Kenneth Haslam: 1934-2011
Last Saturday (May 21), we said goodbye to my father, Kenneth Haslam, who passed away May 14 after fighting cancer for a year. My brothers and I eulogized him, as did several people in the congregation who spoke extemporaneously. A great tribute to a man I already miss. I would like to share my part of the eulogy here:
Before I add my own words about Dad, I wanted to acknowledge one of the new ways many of us communicate – Facebook – and just a few of the things our extended friends and family shared with us there
“It may sound cliche but your dad had a wonderful life. Thoughts and prayers for you and your family.”
“Your father obviously was a wonderful man to have raised you and getting all these awesome legacy posts.”
“May you find some laughter in the memories, amid the tears. Both are the measure of a good life and a loved man.”
“The testiment of ones life is measured by many deeds – but none more so than the love, support, confidence, sense of imagination, adventure, spirit, work ethic, respect, compassion & drive one instills in his family & friends around him. Having never met your father, but knowing you – I can say he was a great man.”
It took me more thinking than it should have to come up with my own words for Dad. I should bring up specific memories of father-son moments, a catch in the park, or some other bonding, but I’m going to leave that to my brothers John and Rob, who are much older than I am (tell me more about the 60s, brothers). What I keep coming back to instead are the things that live on in our Dad. The things he instilled in us, and we now carry with us. I can sum that up in three words:
Family, Quiet and Funny.
It’s not just that he was father to five sons and very involved in our lives, or that he remained close to extended family like Aunt Cathy and Uncle Dave, Aunt Maggie, Vicky, and even across the pond with David and Lynn Cruickshank and the rest. It’s that he always had a keen sense of where he came from- which we also consider to be where we came from. The son of an Englishman and a Scotswoman (which in a past age would be considered a mixed-race family), we were always keenly aware of our Scottish roots in particular. There is no childhood memory of Dad without picturing him in the Clan MacPherson pipe band uniform, marching in some parade or at the Hopkinton fair–a constant visual and at times painfully loud musical reminder of our own Scottish heritage.
It’s no coincidence that Rob has long taken an interest in genealogy, that John, Rob and Bill all followed Dad into the pipe band (they had no sheet music for trombone so I stayed out of it). Nor did I give even a second thought to choosing Scotland as part of my first-ever overseas trip, being sure to visit family landmarks such as Stirling and Aberdeen while I was there, thanks to Lynn. I still want to get to Bolton, England where I expect the name “Haslam” to be greeted with round after round of free drinks, though it may just as likely be met with a shrug by the many other Haslams who I assume still live there. And that would be ok by me.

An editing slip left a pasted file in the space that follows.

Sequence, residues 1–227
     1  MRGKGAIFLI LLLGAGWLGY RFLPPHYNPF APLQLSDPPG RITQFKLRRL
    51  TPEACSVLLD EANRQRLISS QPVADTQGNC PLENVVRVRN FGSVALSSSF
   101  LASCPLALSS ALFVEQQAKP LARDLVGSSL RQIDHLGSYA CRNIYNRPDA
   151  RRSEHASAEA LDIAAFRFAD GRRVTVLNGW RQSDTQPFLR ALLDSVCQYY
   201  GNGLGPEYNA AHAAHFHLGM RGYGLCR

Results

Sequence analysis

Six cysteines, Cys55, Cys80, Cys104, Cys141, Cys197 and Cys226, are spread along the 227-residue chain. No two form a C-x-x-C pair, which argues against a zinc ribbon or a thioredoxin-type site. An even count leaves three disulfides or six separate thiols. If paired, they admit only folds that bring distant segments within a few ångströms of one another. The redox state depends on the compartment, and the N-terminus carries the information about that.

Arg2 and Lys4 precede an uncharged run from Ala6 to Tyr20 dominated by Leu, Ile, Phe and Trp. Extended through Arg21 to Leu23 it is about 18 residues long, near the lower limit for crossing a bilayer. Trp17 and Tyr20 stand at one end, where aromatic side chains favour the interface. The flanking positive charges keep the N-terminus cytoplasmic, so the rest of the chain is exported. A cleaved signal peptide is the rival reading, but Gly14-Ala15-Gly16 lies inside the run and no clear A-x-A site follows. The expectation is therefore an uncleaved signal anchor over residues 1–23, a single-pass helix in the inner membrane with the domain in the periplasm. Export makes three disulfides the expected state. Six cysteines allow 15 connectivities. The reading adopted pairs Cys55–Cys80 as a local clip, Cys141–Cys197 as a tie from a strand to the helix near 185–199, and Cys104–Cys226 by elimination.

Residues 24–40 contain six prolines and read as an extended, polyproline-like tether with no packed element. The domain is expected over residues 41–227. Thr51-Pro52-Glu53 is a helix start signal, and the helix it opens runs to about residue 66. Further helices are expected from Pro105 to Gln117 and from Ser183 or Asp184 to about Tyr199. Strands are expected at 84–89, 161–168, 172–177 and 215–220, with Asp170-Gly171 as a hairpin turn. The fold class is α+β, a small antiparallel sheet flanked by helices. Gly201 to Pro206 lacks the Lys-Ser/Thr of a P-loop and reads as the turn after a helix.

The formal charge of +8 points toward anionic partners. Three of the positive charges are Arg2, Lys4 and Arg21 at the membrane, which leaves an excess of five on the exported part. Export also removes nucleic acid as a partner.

Dad was nothing if not quiet. If he got loud it was unusual, and we paid attention, but it would take a lot to get him riled up at home, which with 5 boys was a strange place to expect any quiet (I do distinctly remember a shoe flying by at one point, no doubt directed at one of my noisier brothers ;)). I want to distinguish, however, between quiet and shyness, something that took me much of my early life to figure out, but that I try to live by now. Dad was not solitary, a shrinking violet or agoraphobe. He was just quiet, he didn’t talk a lot or loudly. From him I learned the value of listening and observing, and eventually learned that not being loud was a virtue, and did not preclude being recognized as a valuable and active part of the community, in the neighborhood, in the church, in the band and elsewhere.
To some extent I think the five of us inherited that trait, though we all express (or don’t express it) in different ways. I’m glad I learned to accept being quiet as an attribute.
I saved my favorite for last– Dad’s sense of humor. We all inherited his warped sense of comedy, much to the annoyance of our spouses (well, I can speak for myself). But pair an ability to find things around him funny with Dad’s quiet nature and you get small outbursts of what I think is the most brilliant comedy there is. Where did it come from? It might be 6:15 am on a school day and Dad simply standing in our door way saying “Get out of bed!” in his trademark drone. Was it his preference for British comedies? It was Dad, after all, who turned us on to the likes of Monty Python, Fawlty Towers and the Goodies- intelligent yet obscure and silly humor that makes me see what made Dad tick.
Dad’s sense of humor was offbeat, and I loved it.
Perhaps the essence of Dad’s humor was the ability to burst any balloon by seeing the absurdity of any situation and either meeting it with a deadpan comment or shutting it down with blunt common sense. He has the ability to deconstruct any situation without offending anyone. Even near the end, our dear friend Emily Leavitt, who helped Dad and Mom so much when he needed in-home care, did not escape. She sent us a transcript of their exchange, but I can’t do it justice. Suffice to say that Dad’s ever-evolving requests for coffee resulted in more laughter than sadness for us.
Is dad gone? No. He passed his best traits down to his imperfect copies. We’re here.
It has been a tremendously tough year for our families, with my wife and now me losing our fathers to cancer. This has made this year’s Pan-Mass Challenge ride all the more meaningful. I look forward to riding in August, and am still accepting sponsorship donations in any amount at http://bit.ly/2011pmc. 100% of all donations go to the Dana Farber Cancer Institute in Boston. Thanks to all of you who have and continue to support me!